He also called out students for dropping their trash on the roads or parking lots after driving off-campus for lunch. “I’ve seen kids driving down the road, and when they’re done eating, they throw their bag out the window,” Boyce said.

Silva hopes that students can care for the campus as an organization, but also cites them as the primary contributor to trash. “There’s a lot of layers so I don’t want to pretend like it’s just one group who gets to own it all,” Silva said. “I would say that the majority is just our students not being careful and thoughtful.”

He hopes advisory cleanups can become less common. “The taxpayers pay for this…students should go to school where it’s clean,” he said. “By creating an awareness and all of us having ownership, I hope that will change some habits.”

Peter Philpott
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About the Contributors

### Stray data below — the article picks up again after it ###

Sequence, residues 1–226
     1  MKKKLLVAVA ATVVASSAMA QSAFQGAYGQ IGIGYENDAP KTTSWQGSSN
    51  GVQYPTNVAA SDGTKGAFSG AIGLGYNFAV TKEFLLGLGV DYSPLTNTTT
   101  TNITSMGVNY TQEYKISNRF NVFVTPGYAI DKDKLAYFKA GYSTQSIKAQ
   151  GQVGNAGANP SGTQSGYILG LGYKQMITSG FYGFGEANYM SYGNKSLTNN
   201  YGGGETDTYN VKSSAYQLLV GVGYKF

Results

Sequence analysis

Peter Philpott
Peter Philpott, News Editor & Outreach Coordinator
Hey there! My name's Peter, I'm a junior, and I'm the USJ's News Editor and Outreach Coordinator. I believe that the first amendment is incredibly important, and as journalists we have the right and the duty to uphold it. I am very passionate for news reporting, from small, local issues, to major politics or systemic change topics. This is why I love political/breaking news reporting, and one day I hope to be an investigative journalist. I also enjoy artistic photography in my free time. My position as Outreach Coordinator gives me the opportunity to connect to other newspapers, businesses, and families in the community to grow our reach and get our coverage in the hands of more people. I play trumpet and mellophone and I am part of Creek's Marching Band. I'm enthusiastic to inform this school on the happenings of our community, from Capitol Hill to the quad. Also, check out my column, Peanuts and Cracker Jack, where I talk about in-depth baseball!

To contact me by email, access my portfolio, or view my photography Instagram account, click the respective buttons below.

Lina Rakhmanova
Lina Rakhmanova, Staff Writer
Hello! My name is Lina Rakhmanova and I'm a sophomore. This is my first year being a part of the USJ. Outside of school, I make art and I'm currently learning how to make animations. I was interested in journalism because it's a great way to connect with the community around me.